The Stranger Side of CHI 2009
At the Computer-Human Interaction 2009 conference last week, researchers showcased many new and innovative ways to interact with machines, from smarter Web browsers to new interactive tables. But the event is also an opportunity to demo more far-out ideas for computer interaction. Here are five of the more unusual projects on show at the event.
Eye-Tracking Goggles: A team from ETH Zurich demonstrated a lightweight wearable system that tracks eye movements, letting the user control a computer using just his or her eyes. The system uses electrooculography (EOG) instead of video tracking, so a user only needs to wear a pair of lightweight–but odd-looking–goggles and a compact processing unit.
EOG tracks eye movements by measuring changes in the eye’s electric potential field. With electrodes positioned above, below, and to either side of the eyes, the goggles can accurately calculate horizontal and vertical movements.
In testing, this allowed a user to control a simple computer game using only his or her eyes. The researchers say that the approach could pave the way for more complex applications–for example, eye-controlled text entry. If several goggles sync up, people might even be able to interact collaboratively using just their eyeballs.
Hot ‘n’ Cold Mice: Researchers are constantly looking for more unusual ways to interact with machines. A team from NTT Cyber Solutions in Japan is experimenting with skin temperature as a new way of communicating.
The researchers modified a mouse and a trackball to get warmer or cooler as the user rolled over different things on a computer screen and tagged objects (such as part of photos) with temperature information (“hot,” “warm,” “cold”). They hooked up a gadget called a Peltier device to the trackball, which altered the temperature of the device as the user’s cursor moved over those areas.
In testing, users were able to play a simple searching game by following temperature cues. Curiously, they also reported that food looked more “delicious” when a corresponding hot or cool sensation accompanied a picture of a dish.
Interactive Photo Viewers: Another group from Japan showed off sandwich-size, turtle-shaped “CaraClocks“–devices that sync when they touch to show related photos. For example, a father, mother, and child could connect their CaraClocks, turn a knob, and see pictures of one another at the same age.
The researchers behind the project, from Keio University, say that this can evoke what they call “collective memory.” They also say that CaraClocks can generate various visual parallels between users by understanding their relationships and by analyzing tags attached to photos. A CaraClock even acts as a normal clock when sitting on a shelf.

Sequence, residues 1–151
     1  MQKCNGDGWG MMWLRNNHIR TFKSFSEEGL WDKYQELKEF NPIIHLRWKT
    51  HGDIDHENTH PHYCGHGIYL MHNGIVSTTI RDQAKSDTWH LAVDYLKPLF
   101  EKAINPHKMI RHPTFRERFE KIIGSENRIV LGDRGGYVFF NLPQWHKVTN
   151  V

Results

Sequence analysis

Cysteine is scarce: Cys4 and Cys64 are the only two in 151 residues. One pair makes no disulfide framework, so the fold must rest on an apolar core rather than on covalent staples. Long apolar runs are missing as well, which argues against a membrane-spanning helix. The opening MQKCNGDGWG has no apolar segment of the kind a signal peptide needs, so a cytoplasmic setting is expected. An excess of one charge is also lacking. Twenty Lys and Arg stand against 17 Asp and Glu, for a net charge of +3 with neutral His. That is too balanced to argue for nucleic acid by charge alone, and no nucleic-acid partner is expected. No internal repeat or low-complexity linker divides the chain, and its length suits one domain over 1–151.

CALLY the Cell-Phone Bot: A team from Simon Fraser University in Canada presented a cell-phone robot called CALLY. The prototype has four wheels, two arms with grippers, and space for a cell phone to dock at the front.
Once hooked up, the cell phone will eventually act as the robot’s face, displaying simple expressions on its screen. Because many people use their cell phones as alarm clocks already, the researchers say that CALLY could be programmed to run away when you try to switch the alarm off (sort of like Clocky). While I find the idea of a gesturing or leg-equipped cell phone somewhat creepy, this could be a step up from the crude emoticons used to make sure a joking or serious tone doesn’t get lost in a text message or e-mail. It could also be a step closer to effective telepresence.
Memory Matches: A group at MIT proposed the idea of a matchstick embedded with a tiny camera and microphone (green half) and micro projector (red half). A user swipes the red side of the match, physically lighting it on fire. This sets off the camera and microphone to start recording, moving down the length of the match in response to heat. The match, dubbed PY-ROM, would store the image and sound in the middle of a match. When a user lights the other end, a mini projector plays back the video once before burning away (literally). The group has so far designed a prototype, based on two coupled matches synced to a computer webcam and playback program.
The team envisions these “memory matches” as a way to embody memories with more value, pointing out that users often record extensive amounts of media that get buried in storage or cyberspace and quickly forgotten. The researchers argue that people would select the moments to preserve them with more care if taking a photograph or a video clip was more costly and time consuming. A one-time recorder and playback might be a fun party trick and a fleeting reminder to appreciate moments, but it’s hard to imagine users swapping their digital cameras for digital matches.
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